Propane exchange could be an expensive pain

By Russ and Tiña De Maris Look outside nearly any hardware store, supermarket or Walmart, and there’s the enticing offer: Bring in your empty propane cylinder and “trade it in” for a refurbished full one. With the number of live “filling stations” said to be decreasing, and the “convenience” of nearly 24-hour access to propane, it may seem a real... Read More

Take care with your RV generator switchovers

Got a “built-in” RV generator? Don’t have to “plug and unplug” shore power cords when switching from shore power to the genset? Then you have an ATS (automatic transfer switch). They’re convenient, indeed, as the rest of us without them have to go outside, typically open a door, and plug the shore power cord into a special receptacle fed by... Read More

Southwest snowbirds — Beware the wind of many names

By Bob Difley When snowbirding in the Southwestern deserts this winter, be careful not to allow yourself to be lulled into complacency when you take off for a day of exploration and the desert is calm with nary a breeze. Desert winds (also called chubascos, Santa Anas and dust devils) can come up quickly and unexpectedly – and blow strongly... Read More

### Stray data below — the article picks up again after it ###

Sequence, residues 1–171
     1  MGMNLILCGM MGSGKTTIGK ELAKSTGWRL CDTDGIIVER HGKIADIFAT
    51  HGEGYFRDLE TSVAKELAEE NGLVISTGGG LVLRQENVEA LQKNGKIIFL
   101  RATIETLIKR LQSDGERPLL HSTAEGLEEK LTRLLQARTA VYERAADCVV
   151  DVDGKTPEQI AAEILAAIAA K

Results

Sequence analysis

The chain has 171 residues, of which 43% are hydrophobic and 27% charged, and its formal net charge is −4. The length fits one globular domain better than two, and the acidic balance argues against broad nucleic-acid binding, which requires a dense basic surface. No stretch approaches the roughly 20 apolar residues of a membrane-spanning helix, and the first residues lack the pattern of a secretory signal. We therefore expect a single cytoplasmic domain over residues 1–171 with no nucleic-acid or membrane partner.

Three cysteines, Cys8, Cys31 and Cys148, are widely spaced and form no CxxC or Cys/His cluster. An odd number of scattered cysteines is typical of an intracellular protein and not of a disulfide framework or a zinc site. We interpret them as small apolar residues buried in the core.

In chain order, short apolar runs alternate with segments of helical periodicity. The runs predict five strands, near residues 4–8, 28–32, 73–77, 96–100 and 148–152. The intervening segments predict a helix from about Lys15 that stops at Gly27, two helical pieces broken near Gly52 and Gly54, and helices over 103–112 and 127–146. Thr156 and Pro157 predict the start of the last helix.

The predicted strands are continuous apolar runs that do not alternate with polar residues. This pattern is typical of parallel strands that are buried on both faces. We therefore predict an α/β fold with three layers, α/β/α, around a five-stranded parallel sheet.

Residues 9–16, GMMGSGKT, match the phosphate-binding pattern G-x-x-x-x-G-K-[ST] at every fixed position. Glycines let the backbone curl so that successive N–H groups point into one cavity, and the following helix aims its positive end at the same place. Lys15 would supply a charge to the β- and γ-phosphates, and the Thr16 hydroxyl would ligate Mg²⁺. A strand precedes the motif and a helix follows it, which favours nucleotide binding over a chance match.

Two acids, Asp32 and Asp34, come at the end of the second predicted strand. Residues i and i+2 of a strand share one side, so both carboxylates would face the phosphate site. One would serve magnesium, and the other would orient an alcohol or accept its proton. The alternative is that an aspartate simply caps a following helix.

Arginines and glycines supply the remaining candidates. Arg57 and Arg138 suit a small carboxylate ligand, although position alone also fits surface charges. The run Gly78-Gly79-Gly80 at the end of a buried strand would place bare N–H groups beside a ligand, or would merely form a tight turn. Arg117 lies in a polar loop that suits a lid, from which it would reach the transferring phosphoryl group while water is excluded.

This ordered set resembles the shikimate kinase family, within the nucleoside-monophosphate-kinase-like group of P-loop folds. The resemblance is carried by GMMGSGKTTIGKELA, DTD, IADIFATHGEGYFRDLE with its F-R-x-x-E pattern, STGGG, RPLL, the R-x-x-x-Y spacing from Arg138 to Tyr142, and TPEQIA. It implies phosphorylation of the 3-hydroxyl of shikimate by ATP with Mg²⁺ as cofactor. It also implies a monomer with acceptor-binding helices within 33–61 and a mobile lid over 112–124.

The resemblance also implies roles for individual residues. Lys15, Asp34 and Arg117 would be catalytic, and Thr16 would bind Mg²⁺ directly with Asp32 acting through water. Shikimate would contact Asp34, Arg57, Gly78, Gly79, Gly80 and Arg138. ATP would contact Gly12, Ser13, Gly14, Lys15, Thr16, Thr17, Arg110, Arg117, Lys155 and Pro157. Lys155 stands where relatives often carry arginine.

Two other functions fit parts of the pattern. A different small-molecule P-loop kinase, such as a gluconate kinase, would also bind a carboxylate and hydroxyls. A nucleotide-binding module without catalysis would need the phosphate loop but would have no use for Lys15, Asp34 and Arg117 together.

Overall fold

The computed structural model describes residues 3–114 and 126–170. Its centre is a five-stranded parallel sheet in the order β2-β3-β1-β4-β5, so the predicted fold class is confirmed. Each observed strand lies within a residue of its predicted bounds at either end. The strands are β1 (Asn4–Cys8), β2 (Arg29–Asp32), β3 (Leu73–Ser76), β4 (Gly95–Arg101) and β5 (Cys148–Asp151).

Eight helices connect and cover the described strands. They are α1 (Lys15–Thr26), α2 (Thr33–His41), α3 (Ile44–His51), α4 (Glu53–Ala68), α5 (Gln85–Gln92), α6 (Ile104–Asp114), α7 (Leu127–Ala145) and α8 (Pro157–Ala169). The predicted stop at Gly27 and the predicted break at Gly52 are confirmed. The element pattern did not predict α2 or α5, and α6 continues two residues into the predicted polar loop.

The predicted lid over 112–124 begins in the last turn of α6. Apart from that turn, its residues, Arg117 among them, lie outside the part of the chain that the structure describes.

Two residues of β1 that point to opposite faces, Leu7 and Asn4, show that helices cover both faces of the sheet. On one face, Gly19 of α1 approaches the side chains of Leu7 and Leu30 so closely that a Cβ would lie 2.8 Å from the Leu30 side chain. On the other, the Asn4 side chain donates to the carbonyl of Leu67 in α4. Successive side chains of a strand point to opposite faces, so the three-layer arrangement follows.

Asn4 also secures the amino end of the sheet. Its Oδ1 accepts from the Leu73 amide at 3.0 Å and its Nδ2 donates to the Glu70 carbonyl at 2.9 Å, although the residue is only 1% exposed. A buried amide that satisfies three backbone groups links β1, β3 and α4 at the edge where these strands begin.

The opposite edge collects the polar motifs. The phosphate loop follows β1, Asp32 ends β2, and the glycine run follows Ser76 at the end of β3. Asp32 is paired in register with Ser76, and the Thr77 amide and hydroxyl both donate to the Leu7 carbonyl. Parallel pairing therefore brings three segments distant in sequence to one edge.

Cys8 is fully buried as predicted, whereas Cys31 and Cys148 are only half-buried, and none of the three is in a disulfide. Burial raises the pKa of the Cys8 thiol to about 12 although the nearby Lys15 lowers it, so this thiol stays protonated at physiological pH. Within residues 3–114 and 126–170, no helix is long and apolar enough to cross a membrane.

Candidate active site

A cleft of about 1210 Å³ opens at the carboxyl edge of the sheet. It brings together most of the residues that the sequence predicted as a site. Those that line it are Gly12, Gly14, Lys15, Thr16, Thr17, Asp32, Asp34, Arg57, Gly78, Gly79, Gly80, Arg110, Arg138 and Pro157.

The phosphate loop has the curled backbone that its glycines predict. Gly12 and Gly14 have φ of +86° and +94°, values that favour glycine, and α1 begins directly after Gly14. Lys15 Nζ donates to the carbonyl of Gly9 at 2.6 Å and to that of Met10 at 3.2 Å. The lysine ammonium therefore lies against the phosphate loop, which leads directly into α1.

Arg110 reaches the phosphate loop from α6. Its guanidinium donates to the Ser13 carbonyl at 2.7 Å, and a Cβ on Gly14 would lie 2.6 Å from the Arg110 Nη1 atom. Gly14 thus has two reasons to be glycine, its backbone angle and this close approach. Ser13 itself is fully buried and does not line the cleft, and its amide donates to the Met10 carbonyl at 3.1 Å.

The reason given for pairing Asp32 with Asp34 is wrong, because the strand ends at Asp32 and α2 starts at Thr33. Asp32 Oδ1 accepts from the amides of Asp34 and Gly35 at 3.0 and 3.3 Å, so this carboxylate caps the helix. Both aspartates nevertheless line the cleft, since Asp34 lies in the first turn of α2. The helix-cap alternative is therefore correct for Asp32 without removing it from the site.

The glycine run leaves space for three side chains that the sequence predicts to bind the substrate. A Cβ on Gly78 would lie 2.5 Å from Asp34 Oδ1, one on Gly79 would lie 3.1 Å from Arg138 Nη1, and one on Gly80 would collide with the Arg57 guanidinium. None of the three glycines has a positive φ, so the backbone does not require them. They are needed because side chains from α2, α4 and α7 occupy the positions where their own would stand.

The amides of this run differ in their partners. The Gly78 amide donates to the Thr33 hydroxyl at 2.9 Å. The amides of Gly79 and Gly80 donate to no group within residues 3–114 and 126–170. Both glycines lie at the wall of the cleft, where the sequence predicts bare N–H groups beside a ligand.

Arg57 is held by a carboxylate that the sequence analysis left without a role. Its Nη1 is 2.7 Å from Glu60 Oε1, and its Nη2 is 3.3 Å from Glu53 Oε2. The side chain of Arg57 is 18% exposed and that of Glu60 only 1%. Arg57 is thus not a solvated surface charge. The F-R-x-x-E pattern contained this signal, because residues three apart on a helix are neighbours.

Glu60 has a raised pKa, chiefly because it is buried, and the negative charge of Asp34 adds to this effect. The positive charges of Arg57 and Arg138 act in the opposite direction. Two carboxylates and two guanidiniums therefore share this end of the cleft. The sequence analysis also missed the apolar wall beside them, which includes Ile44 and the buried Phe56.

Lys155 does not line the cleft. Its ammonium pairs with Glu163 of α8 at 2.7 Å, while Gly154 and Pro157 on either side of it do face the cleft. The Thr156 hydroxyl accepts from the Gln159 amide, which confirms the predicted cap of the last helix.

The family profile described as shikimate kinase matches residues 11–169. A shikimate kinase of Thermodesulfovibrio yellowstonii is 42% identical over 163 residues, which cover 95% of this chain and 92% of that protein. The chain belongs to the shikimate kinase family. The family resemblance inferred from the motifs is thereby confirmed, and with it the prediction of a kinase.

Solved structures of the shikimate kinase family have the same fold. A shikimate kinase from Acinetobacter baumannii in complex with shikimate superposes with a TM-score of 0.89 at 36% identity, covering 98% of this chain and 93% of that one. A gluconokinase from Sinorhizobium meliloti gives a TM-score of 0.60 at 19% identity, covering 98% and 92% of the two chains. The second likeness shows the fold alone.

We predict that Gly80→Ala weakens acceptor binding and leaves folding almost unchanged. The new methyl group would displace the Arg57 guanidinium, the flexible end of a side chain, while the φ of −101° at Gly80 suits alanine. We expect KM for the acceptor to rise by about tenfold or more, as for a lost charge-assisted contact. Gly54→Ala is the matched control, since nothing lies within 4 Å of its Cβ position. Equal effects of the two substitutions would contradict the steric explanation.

Not all RV antifreeze is created equal

By Russ and Tiña De Maris If your rig is sitting in cold country and you haven’t already done so, it’s high time to get it winterized. We’ve written on this important subject before. Keeping your RV water lines from freezing (and breaking) is serious stuff. One question that pops up when discussing winterizing is this: Is there a difference... Read More

Keep that RV going straight down the road

By Greg Illes There are a lot of RVs that don’t always drive straight down the road – and it’s not always someone else’s rig. If your rig is squirrelly, you don’t have to just live with it – there are some remedies available to you. Sometimes the cause is a subtle error in driver technique; sometimes it’s chassis issues or... Read More

Why coyotes pose a threat to your pet in campgrounds

By Chuck Woodbury National parks require pets to be leashed to protect the local wildlife. But where coyotes roam it’s the pets that need protection. As in many expanding suburbs, coyotes in national parks have become so accustomed to people that they often forage in plain view. Cats and small dogs are easy prey for the quick, powerful predators when left... Read More